Traditional Irish Name
Baile Uí Gheileacháin – town of Ó Geileacháin.
FitzGerald/Knights of Glin.
|Townland||Curragh Chase (North).|
|OS Map Ref||Sheet 20.|
Ballygleaghan Castle was a traditional FitzGerald stronghold, held under successive knights of Glin.
The castle is shown on historic maps (see sketch in Image Gallery) ‘as a strong peel tower in a square court, with turrets at each corner.’1
Interesting architectural features: Part of the court, or bawn wall, and two of the original four turrets, or flankers are extant.
Ballygleaghan was once ‘an imposing tower house,’ as Colm Donnelly observed, ‘well defended by a rectangular bawn and four corner flankers’. These flankers ‘are positioned at what were the south-east and the north-west corners of the bawn’ and probably date from the late sixteenth or early seventeenth century.2
They are numerous shot-hole or gun-loops, placed at almost every angle, in both flankers (marked A and B in Image Gallery).
The castle was still in very good condition in 1703, but was demolished in the later 18th century and replaced by Hollypark House. As noted above, two of the four flankers were kept, along with a section of the bawn wall.
The castle site is occupied by a private house. Permission is required.
|1569:||Ballygleaghan Castle is held by Edmund FitzDavid FitzGerald when it surrendered to English forces.|
|1570:||FitzGerald named as one of the principal freeholders and gentlemen in County Limerick, and is pardoned by the crown.|
|1573:||FitzGerald takes English soldiers captive.|
|1580:||During the Desmond rebellion, Ballygleaghan was the last castle holding out against crown forces in Munster. When the castle was finally taken (April 1580), Sir William Pelham, lord justice of Ireland, triumphantly wrote to Elizabeth I from nearby Askeaton:|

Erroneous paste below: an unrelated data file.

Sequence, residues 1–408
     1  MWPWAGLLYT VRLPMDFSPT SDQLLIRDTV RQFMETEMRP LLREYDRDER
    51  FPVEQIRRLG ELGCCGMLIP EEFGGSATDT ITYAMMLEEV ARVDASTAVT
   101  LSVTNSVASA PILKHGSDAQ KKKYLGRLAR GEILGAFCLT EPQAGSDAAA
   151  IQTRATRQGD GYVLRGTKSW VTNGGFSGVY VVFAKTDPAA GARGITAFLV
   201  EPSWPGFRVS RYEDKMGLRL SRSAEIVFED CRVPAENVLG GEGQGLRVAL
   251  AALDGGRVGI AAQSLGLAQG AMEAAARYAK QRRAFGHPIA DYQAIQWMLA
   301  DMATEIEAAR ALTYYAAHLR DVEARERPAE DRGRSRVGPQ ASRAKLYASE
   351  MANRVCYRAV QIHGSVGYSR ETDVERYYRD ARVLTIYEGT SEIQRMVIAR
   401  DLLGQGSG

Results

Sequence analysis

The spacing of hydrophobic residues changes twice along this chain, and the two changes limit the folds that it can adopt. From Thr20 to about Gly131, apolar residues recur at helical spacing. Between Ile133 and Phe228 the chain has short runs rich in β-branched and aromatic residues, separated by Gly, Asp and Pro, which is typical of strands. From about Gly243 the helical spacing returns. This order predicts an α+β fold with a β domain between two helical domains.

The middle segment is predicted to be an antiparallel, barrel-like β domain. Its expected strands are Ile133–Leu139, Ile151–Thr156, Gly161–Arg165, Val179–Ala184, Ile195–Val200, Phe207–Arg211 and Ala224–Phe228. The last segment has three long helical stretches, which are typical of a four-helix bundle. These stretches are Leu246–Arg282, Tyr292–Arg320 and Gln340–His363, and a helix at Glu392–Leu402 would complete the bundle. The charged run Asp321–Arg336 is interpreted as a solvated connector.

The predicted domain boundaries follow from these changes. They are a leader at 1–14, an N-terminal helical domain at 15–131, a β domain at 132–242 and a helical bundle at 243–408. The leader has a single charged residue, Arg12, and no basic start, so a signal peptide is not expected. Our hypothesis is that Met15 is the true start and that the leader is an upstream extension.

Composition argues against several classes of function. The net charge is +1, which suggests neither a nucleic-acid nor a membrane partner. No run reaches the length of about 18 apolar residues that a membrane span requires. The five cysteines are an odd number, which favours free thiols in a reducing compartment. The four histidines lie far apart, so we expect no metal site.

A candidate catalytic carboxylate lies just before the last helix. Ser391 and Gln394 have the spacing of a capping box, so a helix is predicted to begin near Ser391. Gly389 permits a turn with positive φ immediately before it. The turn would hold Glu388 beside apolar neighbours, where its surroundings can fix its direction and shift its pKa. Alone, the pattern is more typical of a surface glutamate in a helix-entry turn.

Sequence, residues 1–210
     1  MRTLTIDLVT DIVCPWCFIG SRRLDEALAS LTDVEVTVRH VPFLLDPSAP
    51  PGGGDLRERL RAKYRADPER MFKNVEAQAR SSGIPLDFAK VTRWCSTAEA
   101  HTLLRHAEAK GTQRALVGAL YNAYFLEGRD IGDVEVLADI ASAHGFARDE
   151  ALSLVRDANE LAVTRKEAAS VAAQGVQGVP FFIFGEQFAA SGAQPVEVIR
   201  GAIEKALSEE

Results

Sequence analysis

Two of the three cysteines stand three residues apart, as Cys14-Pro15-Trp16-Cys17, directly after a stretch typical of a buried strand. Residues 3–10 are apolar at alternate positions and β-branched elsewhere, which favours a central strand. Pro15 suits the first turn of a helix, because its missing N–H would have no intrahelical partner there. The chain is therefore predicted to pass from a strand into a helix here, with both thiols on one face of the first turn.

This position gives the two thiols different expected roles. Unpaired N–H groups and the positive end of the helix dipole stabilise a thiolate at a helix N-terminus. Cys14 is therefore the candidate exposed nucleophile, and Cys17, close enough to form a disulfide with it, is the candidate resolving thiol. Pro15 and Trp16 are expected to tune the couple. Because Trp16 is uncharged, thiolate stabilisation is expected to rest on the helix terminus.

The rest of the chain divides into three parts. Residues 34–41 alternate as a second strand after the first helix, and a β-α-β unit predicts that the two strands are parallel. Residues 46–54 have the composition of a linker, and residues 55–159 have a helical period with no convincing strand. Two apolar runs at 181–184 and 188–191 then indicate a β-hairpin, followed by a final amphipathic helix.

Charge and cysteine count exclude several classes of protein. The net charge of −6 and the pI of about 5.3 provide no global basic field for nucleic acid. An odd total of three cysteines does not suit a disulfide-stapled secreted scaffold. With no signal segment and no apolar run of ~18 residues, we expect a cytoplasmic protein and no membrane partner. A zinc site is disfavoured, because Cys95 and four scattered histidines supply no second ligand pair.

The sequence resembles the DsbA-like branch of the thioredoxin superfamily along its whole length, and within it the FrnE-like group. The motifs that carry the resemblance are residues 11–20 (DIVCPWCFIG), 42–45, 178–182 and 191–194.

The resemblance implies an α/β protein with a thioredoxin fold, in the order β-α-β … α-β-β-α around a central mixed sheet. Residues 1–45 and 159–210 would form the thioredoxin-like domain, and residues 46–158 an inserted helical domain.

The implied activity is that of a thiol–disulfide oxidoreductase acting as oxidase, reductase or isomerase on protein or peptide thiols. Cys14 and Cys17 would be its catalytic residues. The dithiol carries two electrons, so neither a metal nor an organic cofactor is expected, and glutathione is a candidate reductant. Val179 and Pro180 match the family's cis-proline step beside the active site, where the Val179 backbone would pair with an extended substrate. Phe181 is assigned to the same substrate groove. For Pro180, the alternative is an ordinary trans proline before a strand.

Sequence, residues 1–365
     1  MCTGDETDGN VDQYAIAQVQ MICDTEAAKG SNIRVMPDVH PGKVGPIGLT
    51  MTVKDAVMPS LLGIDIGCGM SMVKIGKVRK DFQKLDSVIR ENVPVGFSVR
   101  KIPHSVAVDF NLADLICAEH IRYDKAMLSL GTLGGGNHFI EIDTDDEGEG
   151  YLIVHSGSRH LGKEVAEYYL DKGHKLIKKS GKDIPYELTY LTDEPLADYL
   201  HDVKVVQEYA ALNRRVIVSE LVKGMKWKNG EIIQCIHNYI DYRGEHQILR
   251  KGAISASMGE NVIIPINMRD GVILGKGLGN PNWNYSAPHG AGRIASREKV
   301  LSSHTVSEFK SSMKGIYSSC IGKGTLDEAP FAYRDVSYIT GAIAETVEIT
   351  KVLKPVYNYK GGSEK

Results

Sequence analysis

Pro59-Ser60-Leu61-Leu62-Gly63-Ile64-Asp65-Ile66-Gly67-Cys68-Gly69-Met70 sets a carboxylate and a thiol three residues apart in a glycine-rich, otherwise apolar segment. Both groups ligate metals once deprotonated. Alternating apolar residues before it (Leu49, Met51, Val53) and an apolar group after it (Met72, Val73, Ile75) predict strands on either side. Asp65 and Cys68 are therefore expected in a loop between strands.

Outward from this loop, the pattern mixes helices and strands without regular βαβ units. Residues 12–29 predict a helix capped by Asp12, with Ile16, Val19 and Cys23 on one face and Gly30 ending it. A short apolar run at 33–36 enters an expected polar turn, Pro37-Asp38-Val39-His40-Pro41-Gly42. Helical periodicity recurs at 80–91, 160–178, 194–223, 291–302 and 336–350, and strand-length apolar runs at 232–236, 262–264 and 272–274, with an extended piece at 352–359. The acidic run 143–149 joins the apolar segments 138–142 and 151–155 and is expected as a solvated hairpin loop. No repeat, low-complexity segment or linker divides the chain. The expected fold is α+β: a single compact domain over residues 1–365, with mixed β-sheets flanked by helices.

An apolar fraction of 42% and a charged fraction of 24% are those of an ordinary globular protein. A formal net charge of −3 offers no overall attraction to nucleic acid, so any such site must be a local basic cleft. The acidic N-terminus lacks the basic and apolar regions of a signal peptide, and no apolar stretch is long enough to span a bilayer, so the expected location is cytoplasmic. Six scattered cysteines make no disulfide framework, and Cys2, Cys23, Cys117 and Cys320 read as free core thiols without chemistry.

“Yesterday certain bands, being sent abroad for forage, came before the Castle of [Ballygleaghan], which hath this year past been warded by the Earl [of Desmond], but upon view of the [royal] ensigns they also fired the house and escaped; so as now there is not any house in Munster kept against your Majesty, but wholly at your devotion.”3
|1581:||The FitzGeralds of Ballygleaghan are pardoned.|
|1584:||Castle and lands seized by the English crown.|
|1600-01:||The family is again pardoned by the crown.|
|1604:||Castle and lands held by Thomas FitzGerald, knight of Glin.|
|1655:||Late estate of Gerald FitzGerald.|
|1668:||Granted by Charles II to his brother, James, duke of York.|
|1703:||Estate granted to William Taylor following the death of James II.|
Ballygleaghan becomes better known as Hollypark from the 18th century.
1 Westropp, ‘Ancient Castles … Limerick’, 145.
2 Colm Donnelly, ‘The Tower Houses of County Limerick’, Doctoral thesis (Queens University Belfast, 1995).
3 Carew Manuscripts, 1575-1588, 241.
All historical information is compiled from archival material; primary sources (such as State Papers); secondary sources; plus authoritative digital sources (such as CELT). Any direct quote or a further reading suggestion is footnoted.
For queries, suggested amendments, or other relevant information, or if you would like to contribute an archival image of Ballygleaghan Castle (of which you own the copyright), please leave a comment at the bottom of the page, or email (below).
Comments about this page
Ballygleaghan is one of only a handful of castle sites within the county of Limerick, with surviving defensive flankers, and remaining sections of the bawn wall.
Great pictures with useful information
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